Have you heard of the probiotic, Keybiotics? Does it do what it claims, and is it worth the money they charge?
is a branded probiotic blend promoted as "the most powerful probiotic supplement ever created
." The suggested daily serving, one 500 mg capsule, claims to contain 14 probiotic bacterial strains. Although it does not break out the amount for each strain, it claims to provide a total of 37.5 billion colony forming units (CFU). (The recommended intake for probiotic supplements varies by strain and use, but tends to be about 1 billion to 10 billion CFUs per day.) While the type and amount of healthy bacteria in this product is certainly in line with what ConsumerLab.com recommends when choosing a quality probiotic supplement, there is not enough evidence to deem Keybiotics
the "most powerful
" probiotic on the market. Keybiotics is also not among the probiotics tested by ConsumerLab.com
to verify its contents.
The bacterial strains in Keybiotics
include Bifidobacterium lactis
, which has been shown to be helpful for diarrhea and irritable bowel syndrome, Lactobacillus plantarum
, which may be helpful for cold and flu, Lactobacillus rhamnosus
, which may be helpful for vaginal infections, Lactobacillus casei
, Lactobacillus salivarius
, Lactobacillus bulgaricus
, Bifidobacterium breve
, Lactobacillus paracasei
, Lactococcus lactis
, Streptococcus thermophilus
, Lactobacillus brevis
, Bifidobacterium bifidum
and Bifidobacterium longum
. (Bifidobacterium longum
has been shown to reduce anxiety, especially when taken with Lactobacillus helveticus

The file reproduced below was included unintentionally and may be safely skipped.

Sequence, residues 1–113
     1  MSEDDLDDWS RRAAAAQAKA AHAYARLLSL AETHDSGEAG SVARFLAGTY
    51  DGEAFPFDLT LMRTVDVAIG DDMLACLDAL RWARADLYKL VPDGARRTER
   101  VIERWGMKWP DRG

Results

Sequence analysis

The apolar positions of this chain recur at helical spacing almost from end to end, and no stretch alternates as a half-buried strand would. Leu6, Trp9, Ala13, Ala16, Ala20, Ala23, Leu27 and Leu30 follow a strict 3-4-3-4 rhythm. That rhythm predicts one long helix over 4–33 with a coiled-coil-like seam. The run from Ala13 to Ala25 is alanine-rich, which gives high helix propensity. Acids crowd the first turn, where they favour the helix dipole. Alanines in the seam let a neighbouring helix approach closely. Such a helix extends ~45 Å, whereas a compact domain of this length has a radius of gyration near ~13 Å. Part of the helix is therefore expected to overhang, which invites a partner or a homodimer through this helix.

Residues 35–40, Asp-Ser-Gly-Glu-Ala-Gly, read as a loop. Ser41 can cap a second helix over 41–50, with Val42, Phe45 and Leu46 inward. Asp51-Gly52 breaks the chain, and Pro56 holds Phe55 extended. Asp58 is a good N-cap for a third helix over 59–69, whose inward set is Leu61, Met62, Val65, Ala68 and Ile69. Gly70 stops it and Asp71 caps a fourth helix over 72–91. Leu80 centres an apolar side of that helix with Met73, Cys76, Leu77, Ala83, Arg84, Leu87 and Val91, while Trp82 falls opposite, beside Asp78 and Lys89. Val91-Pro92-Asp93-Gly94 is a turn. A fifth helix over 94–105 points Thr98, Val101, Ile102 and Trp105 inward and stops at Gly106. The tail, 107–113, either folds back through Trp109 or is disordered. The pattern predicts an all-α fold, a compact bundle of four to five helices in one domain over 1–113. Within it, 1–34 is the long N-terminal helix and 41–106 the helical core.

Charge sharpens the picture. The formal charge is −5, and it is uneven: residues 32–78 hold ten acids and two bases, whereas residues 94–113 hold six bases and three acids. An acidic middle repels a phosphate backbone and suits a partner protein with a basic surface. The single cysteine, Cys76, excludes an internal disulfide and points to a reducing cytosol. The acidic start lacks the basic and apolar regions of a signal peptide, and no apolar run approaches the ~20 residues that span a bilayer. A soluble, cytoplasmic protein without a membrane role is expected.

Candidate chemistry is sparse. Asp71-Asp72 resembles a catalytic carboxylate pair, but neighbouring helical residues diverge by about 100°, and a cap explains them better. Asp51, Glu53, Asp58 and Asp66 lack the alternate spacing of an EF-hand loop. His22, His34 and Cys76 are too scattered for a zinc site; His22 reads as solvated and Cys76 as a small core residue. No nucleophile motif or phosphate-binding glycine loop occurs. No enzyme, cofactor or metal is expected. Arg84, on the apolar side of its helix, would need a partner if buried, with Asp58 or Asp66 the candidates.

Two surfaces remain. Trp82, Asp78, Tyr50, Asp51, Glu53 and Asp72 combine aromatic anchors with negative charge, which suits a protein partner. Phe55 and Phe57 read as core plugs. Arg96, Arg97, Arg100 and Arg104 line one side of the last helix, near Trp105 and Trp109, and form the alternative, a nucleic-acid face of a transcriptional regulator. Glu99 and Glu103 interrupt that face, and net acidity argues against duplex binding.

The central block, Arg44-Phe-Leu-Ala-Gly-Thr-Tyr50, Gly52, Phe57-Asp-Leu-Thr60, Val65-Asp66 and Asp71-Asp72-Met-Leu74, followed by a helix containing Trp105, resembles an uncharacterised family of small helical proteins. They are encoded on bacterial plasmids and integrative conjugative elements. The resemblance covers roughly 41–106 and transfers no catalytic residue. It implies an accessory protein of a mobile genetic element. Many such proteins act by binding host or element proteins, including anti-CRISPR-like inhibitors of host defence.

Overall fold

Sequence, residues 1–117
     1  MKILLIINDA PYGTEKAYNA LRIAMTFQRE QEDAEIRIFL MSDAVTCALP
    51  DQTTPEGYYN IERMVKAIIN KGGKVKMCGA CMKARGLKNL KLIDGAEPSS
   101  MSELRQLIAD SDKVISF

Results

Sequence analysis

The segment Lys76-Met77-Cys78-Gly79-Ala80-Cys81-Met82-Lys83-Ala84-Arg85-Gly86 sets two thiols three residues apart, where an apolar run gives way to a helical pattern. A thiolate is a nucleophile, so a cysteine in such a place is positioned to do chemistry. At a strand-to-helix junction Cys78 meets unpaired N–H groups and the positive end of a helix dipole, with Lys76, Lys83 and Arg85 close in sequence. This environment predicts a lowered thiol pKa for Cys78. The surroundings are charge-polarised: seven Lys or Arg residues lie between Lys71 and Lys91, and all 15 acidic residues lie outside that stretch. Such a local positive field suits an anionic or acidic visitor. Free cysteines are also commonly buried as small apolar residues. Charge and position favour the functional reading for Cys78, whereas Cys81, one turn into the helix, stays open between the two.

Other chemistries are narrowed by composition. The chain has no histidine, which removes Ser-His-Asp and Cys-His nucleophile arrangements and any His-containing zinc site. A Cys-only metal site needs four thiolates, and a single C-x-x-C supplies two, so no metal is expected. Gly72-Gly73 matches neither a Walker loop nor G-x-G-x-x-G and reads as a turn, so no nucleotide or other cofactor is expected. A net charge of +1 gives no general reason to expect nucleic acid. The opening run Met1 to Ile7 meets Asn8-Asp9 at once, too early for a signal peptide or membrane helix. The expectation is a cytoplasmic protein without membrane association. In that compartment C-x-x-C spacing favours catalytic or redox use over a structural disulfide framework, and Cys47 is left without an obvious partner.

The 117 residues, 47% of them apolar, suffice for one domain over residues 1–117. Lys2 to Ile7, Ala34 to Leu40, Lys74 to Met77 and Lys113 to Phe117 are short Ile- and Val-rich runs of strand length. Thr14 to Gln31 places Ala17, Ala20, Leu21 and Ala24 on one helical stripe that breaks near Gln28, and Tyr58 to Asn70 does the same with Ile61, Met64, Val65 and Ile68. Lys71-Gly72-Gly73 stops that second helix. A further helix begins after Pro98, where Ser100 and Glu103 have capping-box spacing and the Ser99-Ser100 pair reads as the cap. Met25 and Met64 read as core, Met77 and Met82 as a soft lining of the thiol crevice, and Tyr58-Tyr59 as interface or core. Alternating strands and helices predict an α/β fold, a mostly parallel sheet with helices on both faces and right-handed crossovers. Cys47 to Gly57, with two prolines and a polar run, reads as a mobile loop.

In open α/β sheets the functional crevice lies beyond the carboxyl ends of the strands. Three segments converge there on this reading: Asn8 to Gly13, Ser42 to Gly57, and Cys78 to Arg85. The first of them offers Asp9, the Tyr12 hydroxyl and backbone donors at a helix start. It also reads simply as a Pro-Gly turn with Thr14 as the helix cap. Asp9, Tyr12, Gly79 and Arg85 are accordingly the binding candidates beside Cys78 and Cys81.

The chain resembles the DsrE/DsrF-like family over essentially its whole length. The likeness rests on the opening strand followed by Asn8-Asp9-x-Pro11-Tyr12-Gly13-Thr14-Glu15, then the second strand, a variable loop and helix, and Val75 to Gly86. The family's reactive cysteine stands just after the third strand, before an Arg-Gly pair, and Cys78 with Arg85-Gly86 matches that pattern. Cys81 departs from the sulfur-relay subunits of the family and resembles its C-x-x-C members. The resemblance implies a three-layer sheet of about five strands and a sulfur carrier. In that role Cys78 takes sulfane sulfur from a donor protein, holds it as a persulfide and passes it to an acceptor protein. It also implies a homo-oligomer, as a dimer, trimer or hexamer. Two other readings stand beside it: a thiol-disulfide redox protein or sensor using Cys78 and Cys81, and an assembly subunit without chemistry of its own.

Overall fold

R0052; however, Keybiotics does not contain Lactobacillus helveticus
R0052.) You can learn more about the effects of these individual strains in ConsumerLab.coms summary of evidence
in the Review of Probiotic Supplements.
also claims to contain Lactobacillus acidophilus DDS®-1
, a strain described on the Keybiotics
website as "the most versatile and effective probiotic currently available
" which "outperforms virtually any other strain
." The company maintains that this bacterial strain helps you stay regular and bolsters the immune system. Lactobacillus acidophilus DDS®-1
has been shown in vitro
to inhibit H. pylori
, a bacterium associated with stomach ulcers, and to stimulate immune system cells, but more studies in humans are needed. One clinical study did establish that this strain survives well in the digestive tract, although not as well as Lactobacillus casei
, another strain included in Keybiotics
. (Interestingly, the same study noted that these strains did not survive long-term in the digestive tract, but became undetectable 8 days after subjects stopped taking them, suggesting that these bacteria need to be taken on an ongoing basis to maintain a benefit).
It should be noted that Lactobacillus acidophilus DDS®-1
is available in other probiotic supplements which have been tested and reviewed by ConsumerLab.com. In fact, a number of probiotic supplements available on the market provide a similar number and variety of bacterial strains as offered in Keybiotics
, and in doses of up to 900 billion. Keybiotics
sells for about $30 for a 30-pill bottle, putting the cost per pill at $1. While this is within the range of prices for comparable products, less expensive products with a similar amount and range of bacteria, and which have passed ConsumerLab.com testing
, are available at about half the cost.
The bottom line: Keybiotics brand probiotics lists a good variety of potentially beneficial bacterial strains. Although the total listed dose seems reasonable, the amounts of specific bacteria are not listed, making it difficult to gauge the applications for which it may be most useful. In addition, there do not appear to be published clinical studies about this particular blend of probiotics to support the claim that it is the most powerful probiotic. Similar strains and blends are available in a number of other probiotic supplements which cost less and have been tested by ConsumerLab.com. (ConsumerLab.com may test Keybiotics in the future.)
This CL Answer initially posted on 2/7/2014.
Last updated 8/8/2017.